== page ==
The Science Journal of the American Association for Respiratory Care

2008 OPEN FORUM Abstracts


Christy Kane1

Background: The demand for qualified healthcare practitioners continues to increase throughout the United States. Faculty members must not only concentrate on recruiting qualified applicants but assist enrolled students in their persistence to graduation. Student support is a known factor that influences persistence. Historically, colleges have invested significant dollars in student support services while fewer dollars are spent in faculty development efforts. The present study examined the importance level of college services, support/encouragement from others, and faculty quality on the persistence of non-nursing health science students in community colleges.

Methods: A random cluster sample of 324 non-nursing health science or NNHS (Respiratory Therapy, Radiologic Technology, Paramedical Science, and Surgical Technology) students was drawn from two statewide community college systems. The participants completed a version of the Adult Student Persistence Questionnaire or ASPQ (Greenberg. 1997; Heath-Thornton, 2002). Data analysis included descriptive statistics to determine the importance level of each factor.

Results: A total of 206 usable instruments (of 324 mailed instruments) resulted in a 64% usable return rate. Eleven high importance factors emerged as either important or very important in the student's completion of an associate's degree in the health sciences. A large number of students (greater than 84% of the students) surveyed rated seven faculty quality items as well as items regarding the support and encouragement of parents, children, spouse, and instructors as important or very important to their persistence. Few students (less than 46% of the students) rated five items as important or very important making these items of low importance in the persistence of these students. These items included the college services of student activities, counseling, tutoring, and career counseling as well as the support/encouragement of "other" college staff.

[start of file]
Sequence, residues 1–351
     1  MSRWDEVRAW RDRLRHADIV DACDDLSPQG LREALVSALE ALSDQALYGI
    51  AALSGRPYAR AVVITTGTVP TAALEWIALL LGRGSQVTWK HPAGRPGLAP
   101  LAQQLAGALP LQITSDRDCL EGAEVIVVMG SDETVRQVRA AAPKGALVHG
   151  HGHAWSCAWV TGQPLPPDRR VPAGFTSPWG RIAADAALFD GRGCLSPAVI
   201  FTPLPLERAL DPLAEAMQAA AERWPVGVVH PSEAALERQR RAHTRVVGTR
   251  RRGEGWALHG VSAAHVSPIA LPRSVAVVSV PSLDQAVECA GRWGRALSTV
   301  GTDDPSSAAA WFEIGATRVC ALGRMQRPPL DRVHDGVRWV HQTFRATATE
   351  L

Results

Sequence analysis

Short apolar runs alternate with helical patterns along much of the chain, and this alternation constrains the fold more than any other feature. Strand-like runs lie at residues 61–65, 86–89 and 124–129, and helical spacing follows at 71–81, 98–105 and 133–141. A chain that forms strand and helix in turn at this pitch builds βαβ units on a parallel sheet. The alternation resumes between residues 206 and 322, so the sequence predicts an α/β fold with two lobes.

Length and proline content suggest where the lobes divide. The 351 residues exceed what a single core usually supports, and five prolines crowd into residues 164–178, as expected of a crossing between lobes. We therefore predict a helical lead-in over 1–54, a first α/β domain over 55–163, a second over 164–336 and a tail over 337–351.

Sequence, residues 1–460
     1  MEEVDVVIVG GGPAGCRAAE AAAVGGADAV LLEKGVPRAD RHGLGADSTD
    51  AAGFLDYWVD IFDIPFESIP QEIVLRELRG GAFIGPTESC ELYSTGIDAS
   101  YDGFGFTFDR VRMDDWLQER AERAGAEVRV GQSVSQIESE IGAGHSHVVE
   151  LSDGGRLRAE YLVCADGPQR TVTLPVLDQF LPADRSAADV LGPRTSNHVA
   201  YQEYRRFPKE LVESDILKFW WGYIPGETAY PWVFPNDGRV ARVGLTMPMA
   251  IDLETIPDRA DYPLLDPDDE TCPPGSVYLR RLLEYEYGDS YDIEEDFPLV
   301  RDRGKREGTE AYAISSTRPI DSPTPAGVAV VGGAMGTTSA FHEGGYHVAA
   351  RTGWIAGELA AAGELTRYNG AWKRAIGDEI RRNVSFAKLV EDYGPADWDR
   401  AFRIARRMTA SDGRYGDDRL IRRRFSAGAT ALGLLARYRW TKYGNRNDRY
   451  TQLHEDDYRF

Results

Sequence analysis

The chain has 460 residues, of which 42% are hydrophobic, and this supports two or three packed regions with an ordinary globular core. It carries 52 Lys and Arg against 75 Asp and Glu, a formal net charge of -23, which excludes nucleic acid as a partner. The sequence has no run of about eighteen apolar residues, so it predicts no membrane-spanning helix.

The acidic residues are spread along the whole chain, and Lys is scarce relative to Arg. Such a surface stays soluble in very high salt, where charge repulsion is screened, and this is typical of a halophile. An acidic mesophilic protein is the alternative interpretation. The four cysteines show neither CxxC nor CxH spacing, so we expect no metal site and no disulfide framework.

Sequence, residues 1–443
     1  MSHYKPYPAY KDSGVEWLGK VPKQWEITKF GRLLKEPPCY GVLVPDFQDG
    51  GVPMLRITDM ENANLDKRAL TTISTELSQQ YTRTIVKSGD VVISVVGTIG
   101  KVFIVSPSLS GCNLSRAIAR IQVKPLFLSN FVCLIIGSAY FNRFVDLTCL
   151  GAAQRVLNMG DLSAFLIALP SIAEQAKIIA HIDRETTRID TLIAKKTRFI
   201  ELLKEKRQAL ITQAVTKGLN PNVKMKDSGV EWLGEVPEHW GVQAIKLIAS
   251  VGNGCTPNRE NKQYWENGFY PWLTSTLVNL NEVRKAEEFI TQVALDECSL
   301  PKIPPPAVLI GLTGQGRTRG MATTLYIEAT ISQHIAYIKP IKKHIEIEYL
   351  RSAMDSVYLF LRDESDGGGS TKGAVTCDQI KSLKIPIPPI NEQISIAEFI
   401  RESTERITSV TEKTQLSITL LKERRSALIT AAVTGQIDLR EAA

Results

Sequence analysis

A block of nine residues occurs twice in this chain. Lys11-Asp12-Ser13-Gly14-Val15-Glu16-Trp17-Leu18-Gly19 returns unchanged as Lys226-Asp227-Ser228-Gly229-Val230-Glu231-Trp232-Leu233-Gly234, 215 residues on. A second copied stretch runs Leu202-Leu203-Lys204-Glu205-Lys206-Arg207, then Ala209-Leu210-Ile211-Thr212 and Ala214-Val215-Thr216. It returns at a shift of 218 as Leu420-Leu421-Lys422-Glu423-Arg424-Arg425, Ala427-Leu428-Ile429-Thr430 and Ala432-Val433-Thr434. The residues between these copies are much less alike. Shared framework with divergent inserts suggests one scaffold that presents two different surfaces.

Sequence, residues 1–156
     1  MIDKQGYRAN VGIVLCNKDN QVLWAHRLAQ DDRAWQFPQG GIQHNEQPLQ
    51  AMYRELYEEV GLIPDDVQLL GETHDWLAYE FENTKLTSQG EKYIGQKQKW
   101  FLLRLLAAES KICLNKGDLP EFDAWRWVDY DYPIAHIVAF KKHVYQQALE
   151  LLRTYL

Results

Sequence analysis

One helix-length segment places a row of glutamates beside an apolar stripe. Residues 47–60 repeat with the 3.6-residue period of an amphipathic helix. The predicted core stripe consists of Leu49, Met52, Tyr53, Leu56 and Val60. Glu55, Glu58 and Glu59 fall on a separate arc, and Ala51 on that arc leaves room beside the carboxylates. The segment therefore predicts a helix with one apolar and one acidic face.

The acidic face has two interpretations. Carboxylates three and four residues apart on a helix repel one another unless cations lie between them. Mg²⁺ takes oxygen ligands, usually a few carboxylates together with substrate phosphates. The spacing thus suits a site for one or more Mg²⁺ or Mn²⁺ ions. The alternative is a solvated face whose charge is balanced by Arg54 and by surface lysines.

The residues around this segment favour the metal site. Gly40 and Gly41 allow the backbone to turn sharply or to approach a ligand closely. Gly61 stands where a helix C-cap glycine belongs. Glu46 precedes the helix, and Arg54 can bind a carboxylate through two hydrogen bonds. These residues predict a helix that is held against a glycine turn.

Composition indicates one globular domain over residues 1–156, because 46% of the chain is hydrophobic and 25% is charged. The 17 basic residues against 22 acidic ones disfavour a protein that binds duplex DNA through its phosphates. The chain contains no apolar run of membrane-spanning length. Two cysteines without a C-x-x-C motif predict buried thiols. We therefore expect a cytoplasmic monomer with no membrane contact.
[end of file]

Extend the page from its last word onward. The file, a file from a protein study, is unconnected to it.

Conclusion: The results of this study suggest that faculty quality and support foster the persistence of NNHS student in the community college setting. Family support (from spouse, parent, and children) is also important in the persistence of these students. In addition to investing dollars in student services, community college administrators should increase the funding for faculty development which may further enhance faculty quality leading to greater student persistence.